Irv Geary, who owns the Wild River Vineyards and is the winemaker of Wild Mountain Winery in North Branch, Minnesota, is president of the Minnesota Grape Growers Association (Courtesy Irv Geary)
Though the spotlight is shining on the University of Minnesota’s newest cold-hardy variety, Itasca, there are four other cold-hardy wine grapes that have been developed by the university, plus a public domain mutation.
Rated to grow in USDA’s Plant Hardiness Zone 4, the varieties tend to be grown in Midwest, New England, New York and Canadian vineyards.
They include both red and wine varieties, and the wines produced from them currently sell mainly to regional audiences located near the wineries.
Frontenac is one of the more popular grape varieties grown in Minnesota. Born of a cross of Landot 4511 and native American Vitis riparia, it is resistant to downy and powdery mildew as well as Botrytis bunch rot.
At harvest, this red grape features high acidity and high sugar. The grape is used to produce three styles of wine: a red table wine, an “outstanding” rosé and a port, said Irv Geary, president of the Minnesota Grape Growers Association.
Geary owns the Wild River Vineyards and is the winemaker of Wild Mountain Winery of North Branch, Minnesota.
Bryan Forbes, University of Minnesota’s cold-hardy grape breeding program interim winemaker, said Frontenac has “color for miles. It’s fairly sugar-ripe and good for port-style wines.”
Geary agreed. “The Frontenac port style produces a high-acid wine with a chocolate-covered cherry nose with mocha overtones,” he said.
The grape makes an intense, very fruity red table wine. “It’s all plums and black currants,” Forbes said.
Released in 2003, Frontenac Gris originated from a single cane of a Frontenac vine that bore pink-skinned grapes instead of black ones. Due to its skin pigment, Frontenac Gris grapes make wines with a peach-pink color.
Its high acid needs to be dealt with, said Forbes. That said, he thinks the wine has nice aromatics.
Geary said it is used to make a sweeter style white than its Frontenac parent. “Most winemakers here in Minnesota use it to make a sweet to semi-sweet, white dessert wine,” he said.
Others have begun to make ice wine with it because it is a strong grape, capable of hanging on vines well into early winter, Geary said. While some growers were picking it early and freezing it, more growers are leaving it on the vine until the first 15-degree day, usually in November or early December.
Introduced in 2006, it has a blue/black fruit and has both Frontenac and Pinot Noir in its pedigree. It comes from a cross of MN 1094 and Ravat 262.
Resistance to downy and powdery mildew and black rot is very good, while phylloxera resistance is moderate. Its growth habit is open and orderly.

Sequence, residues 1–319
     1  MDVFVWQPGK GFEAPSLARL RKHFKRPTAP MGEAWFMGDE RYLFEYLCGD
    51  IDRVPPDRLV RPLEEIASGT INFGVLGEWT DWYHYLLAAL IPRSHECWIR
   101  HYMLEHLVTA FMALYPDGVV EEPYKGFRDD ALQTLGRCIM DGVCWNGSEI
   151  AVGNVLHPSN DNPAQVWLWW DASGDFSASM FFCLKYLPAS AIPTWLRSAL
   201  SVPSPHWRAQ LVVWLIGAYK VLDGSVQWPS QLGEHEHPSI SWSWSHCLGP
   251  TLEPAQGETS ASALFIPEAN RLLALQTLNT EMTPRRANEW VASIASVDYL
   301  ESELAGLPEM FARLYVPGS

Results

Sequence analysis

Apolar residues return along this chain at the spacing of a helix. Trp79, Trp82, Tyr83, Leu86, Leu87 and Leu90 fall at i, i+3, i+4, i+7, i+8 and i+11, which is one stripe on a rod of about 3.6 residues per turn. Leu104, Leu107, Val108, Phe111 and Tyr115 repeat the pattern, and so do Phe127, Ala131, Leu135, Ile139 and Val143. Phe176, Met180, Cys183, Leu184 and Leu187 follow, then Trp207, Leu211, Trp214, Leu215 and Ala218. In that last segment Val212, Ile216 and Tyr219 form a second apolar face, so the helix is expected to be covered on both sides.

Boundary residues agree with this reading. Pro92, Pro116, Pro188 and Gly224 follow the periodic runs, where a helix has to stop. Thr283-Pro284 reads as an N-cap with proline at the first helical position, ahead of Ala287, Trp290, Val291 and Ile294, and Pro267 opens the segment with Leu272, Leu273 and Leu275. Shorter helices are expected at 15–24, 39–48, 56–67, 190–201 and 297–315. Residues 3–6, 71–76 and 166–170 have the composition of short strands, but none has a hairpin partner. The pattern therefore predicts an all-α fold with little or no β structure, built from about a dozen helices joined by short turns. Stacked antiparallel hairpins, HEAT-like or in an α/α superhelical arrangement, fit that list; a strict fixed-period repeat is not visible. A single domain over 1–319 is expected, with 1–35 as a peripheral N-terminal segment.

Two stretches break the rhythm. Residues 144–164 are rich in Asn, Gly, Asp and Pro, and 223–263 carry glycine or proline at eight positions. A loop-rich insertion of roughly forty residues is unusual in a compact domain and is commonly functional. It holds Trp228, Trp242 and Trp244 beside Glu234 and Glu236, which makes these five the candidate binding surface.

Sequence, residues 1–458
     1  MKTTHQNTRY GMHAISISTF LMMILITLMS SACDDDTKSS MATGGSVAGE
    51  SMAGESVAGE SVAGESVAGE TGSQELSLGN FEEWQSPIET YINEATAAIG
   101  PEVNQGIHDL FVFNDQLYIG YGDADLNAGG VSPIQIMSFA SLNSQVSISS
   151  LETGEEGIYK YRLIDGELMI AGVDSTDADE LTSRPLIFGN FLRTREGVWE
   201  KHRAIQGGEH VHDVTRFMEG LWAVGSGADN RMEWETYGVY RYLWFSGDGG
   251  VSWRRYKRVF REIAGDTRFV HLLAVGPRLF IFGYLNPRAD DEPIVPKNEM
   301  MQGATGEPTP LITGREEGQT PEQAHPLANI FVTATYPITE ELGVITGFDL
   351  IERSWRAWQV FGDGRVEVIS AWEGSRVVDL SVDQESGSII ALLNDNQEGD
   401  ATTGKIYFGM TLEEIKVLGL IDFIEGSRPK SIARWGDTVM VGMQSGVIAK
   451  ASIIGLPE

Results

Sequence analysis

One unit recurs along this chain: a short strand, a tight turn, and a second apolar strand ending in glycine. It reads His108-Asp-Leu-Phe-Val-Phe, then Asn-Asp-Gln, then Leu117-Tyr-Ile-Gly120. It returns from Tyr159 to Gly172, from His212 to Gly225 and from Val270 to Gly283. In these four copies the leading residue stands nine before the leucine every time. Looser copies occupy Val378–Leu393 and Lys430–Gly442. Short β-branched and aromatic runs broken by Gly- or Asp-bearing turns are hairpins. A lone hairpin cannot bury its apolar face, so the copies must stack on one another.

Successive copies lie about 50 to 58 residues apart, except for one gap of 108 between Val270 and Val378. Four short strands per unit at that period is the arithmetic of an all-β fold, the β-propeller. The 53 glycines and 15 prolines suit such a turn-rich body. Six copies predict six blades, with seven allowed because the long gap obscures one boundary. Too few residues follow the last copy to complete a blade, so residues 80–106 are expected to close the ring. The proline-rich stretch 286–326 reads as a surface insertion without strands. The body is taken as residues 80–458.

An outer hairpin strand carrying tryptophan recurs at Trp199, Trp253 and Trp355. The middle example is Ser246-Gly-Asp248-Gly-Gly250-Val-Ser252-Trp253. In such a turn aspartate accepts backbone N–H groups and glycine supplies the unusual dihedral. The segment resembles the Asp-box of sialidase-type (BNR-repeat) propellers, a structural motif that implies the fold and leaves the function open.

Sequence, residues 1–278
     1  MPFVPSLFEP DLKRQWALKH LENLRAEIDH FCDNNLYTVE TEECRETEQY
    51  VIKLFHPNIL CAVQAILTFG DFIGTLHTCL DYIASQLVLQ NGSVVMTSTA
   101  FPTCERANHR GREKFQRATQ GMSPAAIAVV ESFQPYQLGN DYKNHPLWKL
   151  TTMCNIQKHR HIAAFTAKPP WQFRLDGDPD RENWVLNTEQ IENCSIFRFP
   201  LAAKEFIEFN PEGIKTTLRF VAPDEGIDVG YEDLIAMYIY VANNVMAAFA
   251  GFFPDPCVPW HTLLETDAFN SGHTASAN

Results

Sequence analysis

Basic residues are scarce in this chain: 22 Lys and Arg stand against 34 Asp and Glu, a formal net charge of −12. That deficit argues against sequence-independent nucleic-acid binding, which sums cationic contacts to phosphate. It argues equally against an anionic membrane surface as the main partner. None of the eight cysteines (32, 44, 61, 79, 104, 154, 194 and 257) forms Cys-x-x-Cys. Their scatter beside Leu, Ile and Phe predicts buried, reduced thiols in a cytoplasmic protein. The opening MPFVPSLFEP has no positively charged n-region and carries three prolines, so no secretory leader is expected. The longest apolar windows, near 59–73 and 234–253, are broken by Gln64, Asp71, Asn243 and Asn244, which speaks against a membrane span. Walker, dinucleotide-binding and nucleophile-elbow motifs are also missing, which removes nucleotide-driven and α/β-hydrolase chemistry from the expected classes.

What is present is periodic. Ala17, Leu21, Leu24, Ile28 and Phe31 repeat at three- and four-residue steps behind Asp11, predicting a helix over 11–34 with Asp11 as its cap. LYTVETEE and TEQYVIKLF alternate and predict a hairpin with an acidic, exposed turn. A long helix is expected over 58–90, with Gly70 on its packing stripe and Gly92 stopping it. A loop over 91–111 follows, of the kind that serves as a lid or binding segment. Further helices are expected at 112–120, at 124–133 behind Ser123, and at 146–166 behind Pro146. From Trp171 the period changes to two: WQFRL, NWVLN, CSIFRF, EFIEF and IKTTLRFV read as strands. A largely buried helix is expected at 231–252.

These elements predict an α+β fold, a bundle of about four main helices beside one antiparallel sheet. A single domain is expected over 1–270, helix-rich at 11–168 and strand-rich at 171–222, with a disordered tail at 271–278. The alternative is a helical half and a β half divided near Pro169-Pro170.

Marquette makes a ruby-colored wine, with good tannins and flavors of cherry, berries, black pepper and black currant. “As a dry red wine, it is experiencing more success than Frontenac, because it has lower acidity, more tannins and more body,” Geary said.
Forbes describes Marquette as the standard bearer of Minnesota cold-hardy varieties. “It is a very pleasant red grape, much like a Gamay. It can make a nice, dry red, even though it’s not overly tannic,” he said.
He also said he thinks it makes a nice rosé.
Wines made from this grape have won the Governor’s Cup at the International Cold Climate Wine Competition, held in St. Paul, Minnesota, more times than any other variety. Introduced in 2002, it is the product of a cross of St. Pepin and ES 6-8-25.
This is a grape that requires extra attention to get to harvest. While it offers moderate resistance to downy mildew and black rot, it is susceptible to powdery mildew and phylloxera.
Its canopy is high-vigor, requiring attention throughout the season. Poor fruit set and late season berry shelling have also been observed.
Despite its viticulture concerns, Geary describes it as “the premier cold-hardy white wine grape.”
Winemakers use it to make semi-dry and semi-sweet varietals. “Getting the sugar balance right is key,” said Forbes.
Geary likes the wines’ aromatics, saying it has a Muscat-type aroma. Forbes agreed, saying the wine’s aromatics are in the Muscat/Gewürtztraminer family.
Introduced in 2012, Frontenac Blanc resulted from white-fruited mutations discovered on Frontenac Gris vines in Canada and Minnesota.
Wines made from this grape are just getting to the marketplace, Geary said.
“It’s a true white with more of a stone fruit aroma,” he said. The aroma is a bit tamer than that of Frontenac Gris, Forbes added.
Susceptible to powdery mildew and phylloxera, it seems to offer good resistance to downy mildew. The grapes are yellow to gold when ripe and make a very light, straw-colored wine.
Wines made from the mutations are sweet or off-dry whites. •